Dr Liam Fox, one of the leaders of the Brexit campaign and now minister for trade, is currently paying a two-day visit to the Philippines, hoping to boost trade between the two countries. Here, in an open letter to the Philippine business community, he sets out his hopes for stronger ties:
AS THE UK government begins the historic process of leaving the EU, now is the time to look forward to our future trading relationship with the world.
As the first International Trade Secretary for UK government, the creation of my department shortly after the referendum was a clear sign of the UK’s desire to be more internationally engaged than ever before. It is our role to help UK businesses take advantage of the vast opportunities that await the UK outside the European Union, in vibrant and fast-growing economies like here in the Philippines.
It is the UK government’s ambition to create a Global Britain — one that is both a good friend and neighbor to our European partners, and a country that extends the hand of economic and cultural friendship far across the world. In South East Asian markets, we’ve seen consistent growth averaging five percent a year and a combined GDP of $2.5 trillion thanks to a commitment to build on international links.
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So my message to companies and investors looking to do business with the UK, on the first leg of my South East Asian trip this week, is that the UK remains an outward-looking country, open for business.
It is our intention to become the world’s natural business partner, one that strives to be a champion of global free trade.
Free and open trade is progressive, helping growing economies raise standards of living, and drive down costs of everyday household products for consumers.
The Philippines has seen a real surge in growth over the last few years and this has created a wealth of opportunities for the UK, as the single largest European investor in the Philippines.
The UK and the Philippines have a well-established and strong relationship built on a foundation of shared values and shared interests and we want this partnership to continue to flourish. My visit to the Manila is a chance to see and hear about the huge potential for strengthening relations between our countries.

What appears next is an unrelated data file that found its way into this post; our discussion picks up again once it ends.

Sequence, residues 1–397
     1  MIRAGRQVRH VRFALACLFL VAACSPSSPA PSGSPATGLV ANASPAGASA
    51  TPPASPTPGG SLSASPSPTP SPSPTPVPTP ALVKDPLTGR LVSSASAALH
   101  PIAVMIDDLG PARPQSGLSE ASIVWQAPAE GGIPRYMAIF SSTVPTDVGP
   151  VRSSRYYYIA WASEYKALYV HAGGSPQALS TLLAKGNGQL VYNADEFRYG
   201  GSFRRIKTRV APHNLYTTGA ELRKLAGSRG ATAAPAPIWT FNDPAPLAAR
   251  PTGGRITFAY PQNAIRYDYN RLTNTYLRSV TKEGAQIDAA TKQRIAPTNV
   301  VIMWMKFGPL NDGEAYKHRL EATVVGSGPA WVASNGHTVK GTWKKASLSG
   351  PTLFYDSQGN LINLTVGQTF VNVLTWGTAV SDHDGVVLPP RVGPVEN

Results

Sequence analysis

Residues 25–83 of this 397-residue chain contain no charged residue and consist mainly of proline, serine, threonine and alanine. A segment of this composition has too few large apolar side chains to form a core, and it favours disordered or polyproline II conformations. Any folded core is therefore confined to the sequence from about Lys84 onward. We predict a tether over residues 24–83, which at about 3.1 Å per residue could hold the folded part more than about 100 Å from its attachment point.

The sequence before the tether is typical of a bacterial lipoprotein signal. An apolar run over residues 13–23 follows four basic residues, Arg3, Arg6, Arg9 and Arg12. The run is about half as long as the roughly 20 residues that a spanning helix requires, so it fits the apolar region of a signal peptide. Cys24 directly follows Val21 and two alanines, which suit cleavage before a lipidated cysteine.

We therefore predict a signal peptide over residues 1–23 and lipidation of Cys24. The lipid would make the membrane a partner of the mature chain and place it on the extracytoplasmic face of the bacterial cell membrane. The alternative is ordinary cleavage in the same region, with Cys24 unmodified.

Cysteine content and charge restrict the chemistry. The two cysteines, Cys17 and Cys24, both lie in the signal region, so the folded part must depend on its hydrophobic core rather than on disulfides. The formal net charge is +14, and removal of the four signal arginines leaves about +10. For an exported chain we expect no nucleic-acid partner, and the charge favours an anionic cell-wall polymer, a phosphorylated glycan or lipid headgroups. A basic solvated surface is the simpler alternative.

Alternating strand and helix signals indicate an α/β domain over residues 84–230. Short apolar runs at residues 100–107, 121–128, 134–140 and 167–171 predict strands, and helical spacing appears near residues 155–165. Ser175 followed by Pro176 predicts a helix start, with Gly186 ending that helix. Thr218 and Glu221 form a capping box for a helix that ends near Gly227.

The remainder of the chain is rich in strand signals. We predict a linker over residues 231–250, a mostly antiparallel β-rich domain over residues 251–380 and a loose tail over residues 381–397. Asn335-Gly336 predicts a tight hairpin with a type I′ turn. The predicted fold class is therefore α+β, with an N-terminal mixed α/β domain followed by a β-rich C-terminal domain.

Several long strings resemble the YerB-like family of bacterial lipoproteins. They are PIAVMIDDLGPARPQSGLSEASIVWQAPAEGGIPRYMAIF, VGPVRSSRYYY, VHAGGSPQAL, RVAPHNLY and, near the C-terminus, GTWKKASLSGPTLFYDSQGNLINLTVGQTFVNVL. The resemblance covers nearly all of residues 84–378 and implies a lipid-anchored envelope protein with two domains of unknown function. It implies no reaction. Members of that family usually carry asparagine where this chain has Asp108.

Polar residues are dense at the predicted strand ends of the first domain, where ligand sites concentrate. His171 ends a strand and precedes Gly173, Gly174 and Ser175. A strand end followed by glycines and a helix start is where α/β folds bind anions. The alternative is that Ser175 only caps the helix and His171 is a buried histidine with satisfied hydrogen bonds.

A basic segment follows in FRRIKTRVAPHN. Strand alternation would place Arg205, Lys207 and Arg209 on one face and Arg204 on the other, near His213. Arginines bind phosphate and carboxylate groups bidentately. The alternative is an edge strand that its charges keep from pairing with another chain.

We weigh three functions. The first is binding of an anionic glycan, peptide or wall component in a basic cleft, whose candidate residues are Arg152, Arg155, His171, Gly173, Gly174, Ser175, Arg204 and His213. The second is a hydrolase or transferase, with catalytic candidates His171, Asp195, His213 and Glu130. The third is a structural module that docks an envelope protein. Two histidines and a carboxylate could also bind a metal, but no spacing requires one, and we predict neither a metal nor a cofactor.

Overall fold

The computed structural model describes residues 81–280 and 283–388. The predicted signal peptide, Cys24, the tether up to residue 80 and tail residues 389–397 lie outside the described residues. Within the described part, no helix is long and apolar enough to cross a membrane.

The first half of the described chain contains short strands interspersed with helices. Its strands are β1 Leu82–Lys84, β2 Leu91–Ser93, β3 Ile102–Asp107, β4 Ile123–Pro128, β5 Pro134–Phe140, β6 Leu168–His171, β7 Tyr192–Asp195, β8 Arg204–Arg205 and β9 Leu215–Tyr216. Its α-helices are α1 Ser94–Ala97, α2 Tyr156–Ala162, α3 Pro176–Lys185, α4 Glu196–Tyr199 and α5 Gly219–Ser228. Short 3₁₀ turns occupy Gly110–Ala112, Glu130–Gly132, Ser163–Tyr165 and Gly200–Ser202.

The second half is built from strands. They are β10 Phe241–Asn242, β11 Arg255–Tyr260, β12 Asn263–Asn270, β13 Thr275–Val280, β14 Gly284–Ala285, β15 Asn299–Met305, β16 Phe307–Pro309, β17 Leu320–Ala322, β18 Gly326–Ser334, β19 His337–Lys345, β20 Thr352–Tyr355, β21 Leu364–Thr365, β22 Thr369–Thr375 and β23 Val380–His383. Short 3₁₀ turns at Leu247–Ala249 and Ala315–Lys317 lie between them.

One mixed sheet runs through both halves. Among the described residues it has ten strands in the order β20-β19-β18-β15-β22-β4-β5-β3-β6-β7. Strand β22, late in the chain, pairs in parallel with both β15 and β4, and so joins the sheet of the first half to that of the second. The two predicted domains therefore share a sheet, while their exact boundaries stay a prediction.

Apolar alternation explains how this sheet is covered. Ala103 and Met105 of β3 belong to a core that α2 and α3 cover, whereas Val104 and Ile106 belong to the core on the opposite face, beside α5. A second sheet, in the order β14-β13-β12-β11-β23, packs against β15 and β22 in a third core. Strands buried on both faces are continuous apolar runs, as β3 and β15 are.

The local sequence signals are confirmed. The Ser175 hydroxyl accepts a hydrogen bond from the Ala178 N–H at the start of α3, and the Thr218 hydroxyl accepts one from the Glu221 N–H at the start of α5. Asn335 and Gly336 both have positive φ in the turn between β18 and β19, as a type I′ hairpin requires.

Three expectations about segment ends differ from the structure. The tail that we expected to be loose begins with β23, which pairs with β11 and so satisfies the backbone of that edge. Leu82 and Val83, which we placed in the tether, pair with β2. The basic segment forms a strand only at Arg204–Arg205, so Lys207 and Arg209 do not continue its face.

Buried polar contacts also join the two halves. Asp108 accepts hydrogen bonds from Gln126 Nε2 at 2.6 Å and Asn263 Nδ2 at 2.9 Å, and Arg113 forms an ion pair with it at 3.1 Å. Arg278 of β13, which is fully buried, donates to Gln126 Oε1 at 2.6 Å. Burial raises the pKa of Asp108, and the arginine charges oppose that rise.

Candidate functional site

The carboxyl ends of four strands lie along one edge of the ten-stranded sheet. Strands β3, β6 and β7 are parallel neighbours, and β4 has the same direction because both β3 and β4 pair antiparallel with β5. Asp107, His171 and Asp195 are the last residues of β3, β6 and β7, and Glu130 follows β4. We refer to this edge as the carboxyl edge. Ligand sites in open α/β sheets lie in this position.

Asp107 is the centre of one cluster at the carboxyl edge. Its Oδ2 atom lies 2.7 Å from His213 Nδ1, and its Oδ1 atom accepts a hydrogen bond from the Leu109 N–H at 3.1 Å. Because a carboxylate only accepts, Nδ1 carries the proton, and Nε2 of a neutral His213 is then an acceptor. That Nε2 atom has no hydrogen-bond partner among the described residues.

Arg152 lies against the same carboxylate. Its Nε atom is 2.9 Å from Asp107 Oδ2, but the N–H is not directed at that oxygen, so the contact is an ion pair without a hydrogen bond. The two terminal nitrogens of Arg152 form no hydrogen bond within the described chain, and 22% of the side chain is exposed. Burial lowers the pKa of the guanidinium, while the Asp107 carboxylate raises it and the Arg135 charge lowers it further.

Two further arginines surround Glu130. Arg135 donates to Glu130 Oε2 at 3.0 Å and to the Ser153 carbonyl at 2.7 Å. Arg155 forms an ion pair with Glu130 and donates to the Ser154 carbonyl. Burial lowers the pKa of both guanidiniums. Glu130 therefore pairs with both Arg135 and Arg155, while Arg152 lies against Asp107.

British exports to the Philippines rose by 38% in 2015 — the strongest ever growth performance for UK exports across the region. When you look at the strength of our bilateral trade and investment relations — Philippine companies have invested over £1 billion into the UK since 2014 — you can see the many opportunities to expand on this even further. UK expertise can help the Philippines with its infrastructure development, including by supporting financing of projects — especially with the greater use of UK Export Finance (UKEF) credit. UKEF can support the sourcing of UK goods, services and expertise for Philippine projects, whether as suppliers or providers. UKEF’s capacity to support trade with the Philippines is doubling from£2.25B to £4.5B. We have recently supported British Nectar Group in the development of the Philippines sea port in Bataan.
The demand for British expertise and quality can lead to exciting collaborations in infrastructure and education, as well as opportunities to become partners and leaders in a range of sectors such as defense, health care, marine and financial technology.
British architecture and engineering expertise are already helping to meet the region’s infrastructure needs and I’m keen to explore what more UK businesses can do to help achieve these ambitions.
My visit to the region is an important part of the UK’s outward looking approach to trade and investment and I look forward to meeting with governments and businesses to discuss how we can work more closely together to overcome barriers to trade and ensure globalization acts as a force for good, spreading prosperity.
As the UK emerges from this period of change as a stronger, fairer, more united and more outward-looking nation, I hope this will lead to stronger relationships between the UK and our trading partners in South East Asia creating an era of even greater opportunity.